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Mylan's pricey EpiPen is about to get some more competition soon.
Kaleo Pharma on Wednesday announced it will reintroduce its auto-injector device Auvi-Q in the first half of 2017, a move that comes two months after huge price hikes for the similar anti-allergy EpiPen sparked public outrage.
"We're very excited about this. We've put together a thoughtful plan on how to bring the product back," said Kaleo President and CEO Spencer Williamson.
His company last fall had seen its then-manufacturing and marketing partner Sanofi voluntarily recall Auvi-Q from the market after problems were identified with dosage deliveries of the drug epinephrine.
"We believe that patients should have options when it comes to epinephrine auto-injectors," said Williamson.
But it's not clear that Auvi-Q will be less expensive in terms of retail price than EpiPen, which now sells for more than $600 for a twin-pack, and which controls around 95 percent of the U.S. market for epinephrine auto-injectors.
For much of the time after it first went on sale in 2013, Auvi-Q sold at a premium to EpiPen. At the time of its recall, Auvi-Q sold for slightly more than $500.
Kaleo, which is privately held, would not disclose its planned retail price for Auvi-Q, which features a recorded message instructing people how to use the device when they need it.
"We understand that price is central to this conversation, and it's really important," said Williamson. "More important in our view is the price to the patient ... we're working on that to ensure that we have low out-of-pocket costs for the patient."
Patients often don't have to pay the full retail price for drug products, being responsible only for a share of the cost through copayments or deductibles, or because they receive a coupon.
But health insurers are responsible for covering the remaining share. Those costs are in turn passed on to people with insurance in the form of monthly premiums.
"When a physician writes a prescription for Auvi-Q, we believe that the patient should be able to obtain the product without insurance barriers or high costs to the pharmacy," Williamson said.
"What I can assure you is it will be less out-of-pocket costs for patients even if they have high-deductible plans," he said, without disclosing details of how that would happen.
Williamson said Auvi-Q has approval from the U.S. Food and Drug Administration, and that the company has "proven manufacturing and quality processes." He said the devices will be made by an "intelligent, high-tech, 100-percent robotic production line."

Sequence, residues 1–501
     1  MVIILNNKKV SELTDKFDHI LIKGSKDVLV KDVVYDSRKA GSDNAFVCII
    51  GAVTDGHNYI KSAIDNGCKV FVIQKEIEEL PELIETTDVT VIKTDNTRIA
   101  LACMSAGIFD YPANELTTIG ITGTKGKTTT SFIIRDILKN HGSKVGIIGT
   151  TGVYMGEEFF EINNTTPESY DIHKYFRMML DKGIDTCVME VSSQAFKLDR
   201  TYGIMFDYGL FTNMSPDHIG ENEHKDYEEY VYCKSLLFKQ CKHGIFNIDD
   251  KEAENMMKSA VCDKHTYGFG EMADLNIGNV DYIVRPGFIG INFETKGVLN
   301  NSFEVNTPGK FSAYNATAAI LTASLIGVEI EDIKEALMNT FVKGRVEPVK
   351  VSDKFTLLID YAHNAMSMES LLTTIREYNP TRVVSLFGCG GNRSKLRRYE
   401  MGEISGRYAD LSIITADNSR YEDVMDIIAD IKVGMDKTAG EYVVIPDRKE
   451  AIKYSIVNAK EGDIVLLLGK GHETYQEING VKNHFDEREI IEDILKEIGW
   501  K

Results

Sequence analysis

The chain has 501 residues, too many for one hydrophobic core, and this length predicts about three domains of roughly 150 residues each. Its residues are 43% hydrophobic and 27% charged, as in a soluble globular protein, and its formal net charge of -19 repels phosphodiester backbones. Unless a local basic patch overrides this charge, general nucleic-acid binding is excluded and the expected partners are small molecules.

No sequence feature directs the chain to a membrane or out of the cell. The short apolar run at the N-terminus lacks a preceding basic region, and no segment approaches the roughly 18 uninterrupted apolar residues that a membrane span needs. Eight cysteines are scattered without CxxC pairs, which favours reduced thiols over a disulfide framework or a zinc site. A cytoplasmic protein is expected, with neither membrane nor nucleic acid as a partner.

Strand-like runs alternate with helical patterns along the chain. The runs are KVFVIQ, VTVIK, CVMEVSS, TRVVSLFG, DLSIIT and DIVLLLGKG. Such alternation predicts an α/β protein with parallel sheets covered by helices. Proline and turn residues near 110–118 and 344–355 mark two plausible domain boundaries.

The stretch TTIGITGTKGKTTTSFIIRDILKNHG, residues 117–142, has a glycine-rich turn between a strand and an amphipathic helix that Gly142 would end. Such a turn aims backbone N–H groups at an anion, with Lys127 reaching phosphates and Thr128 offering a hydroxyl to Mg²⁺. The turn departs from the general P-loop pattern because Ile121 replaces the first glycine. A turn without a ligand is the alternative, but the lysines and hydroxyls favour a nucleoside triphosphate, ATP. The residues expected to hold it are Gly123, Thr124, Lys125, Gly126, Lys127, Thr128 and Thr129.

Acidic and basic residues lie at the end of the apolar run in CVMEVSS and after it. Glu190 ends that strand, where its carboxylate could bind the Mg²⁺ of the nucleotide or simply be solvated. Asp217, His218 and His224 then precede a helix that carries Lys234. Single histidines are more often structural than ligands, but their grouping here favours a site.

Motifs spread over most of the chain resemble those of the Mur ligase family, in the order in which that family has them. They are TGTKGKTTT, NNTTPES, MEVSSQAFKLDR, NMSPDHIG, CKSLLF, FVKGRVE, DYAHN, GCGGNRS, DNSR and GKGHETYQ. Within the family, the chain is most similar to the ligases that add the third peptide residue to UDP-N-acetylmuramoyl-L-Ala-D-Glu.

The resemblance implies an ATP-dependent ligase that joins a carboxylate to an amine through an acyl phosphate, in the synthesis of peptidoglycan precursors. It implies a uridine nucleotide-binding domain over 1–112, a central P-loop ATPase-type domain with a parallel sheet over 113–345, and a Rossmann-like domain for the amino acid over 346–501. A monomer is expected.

Kaleo and Sanofi ended their agreement on Auvi-Q in early 2016. In April, Kaleo announced that it planned to return the product to the market, but at that time did not say when that would happen.
EpiPen vs. Auvi-Q wholesale acquisition cost
Like EpiPen, the Auvi-Q is used to counteract the potentially fatal allergic reaction known as anaphylaxis.
Kaleo was founded by two brothers, Eric and Evan Edwards, both of whom were diagnosed with serious allergies at the age of 3, and who invented the Auvi-Q.
"Growing up with life-threatening allergies and having to always have an epinephrine auto-injector ... it was tough," said Eric, who is a physician. "We thought there needed to be innovation in this space."
The danger from anaphylaxis, and a public relation campaign that pushed the message about that danger, are why EpiPen sales have skyrockted from $200 million, when Mylan bought the device from Merck, to $1 billion today.
During that time, Mylan jacked up the price of EpiPen by more than 500 percent.
Those price increases, and Auvi-Q's exit from the market last year, set the stage for an outpouring of public anger against Mylan in August. That month traditionally sees the biggest sales of epinephrine auto-injectors, and many consumers were confronted for the first time with having to pay $600 or more for EpiPens.
Consumers often buy multiple packs of EpiPens to have at home, school, work and their care.
In response to the controversy, Mylan CEO Heather Bresch was called before a congressional committee for to face blistering questions about the company's pricing strategy. Mylan, stung by criticism, increased its discount for many EpiPen buyers and also said it would introduce a generic version of the product that will sell for about $300.
Kaleo, like Mylan, has drawn attention from Congress because of its aggressive pricing of drugs. Since 2014, Kaleo has increased the price of its Evzio injectors, which contain the opioid-overdose treatment drug naloxone, more than sixfold, from $690 up to a stunning $4,500 for two single-dose injectors.
In a recent story about naloxone price hikes by Kaleo and other companies, Kaleo noted that "all patients and caregivers with commercial insurance and a prescription can obtain Evzio at no cost, even if their commercial insurance does not cover it."
In a press release Wednesday, Dr. James Baker Jr., CEO and chief medical officer of the group Food Allergy Research & Education, welcomed the news of another alternative to EpiPen.
"These lifesaving devices must be accessible and affordable, and Americans should have options when it comes to selecting the right auto-injector for their family."
Kaleo's announcement of Auvi-Q's return came on the same day that top-ranked analyst Irina Koffler of Mizuho Securities initiated Mylan shares with a buy rating, saying she saw the company "as oversold due to recent uncertainty about the EpiPen franchise and market concerns."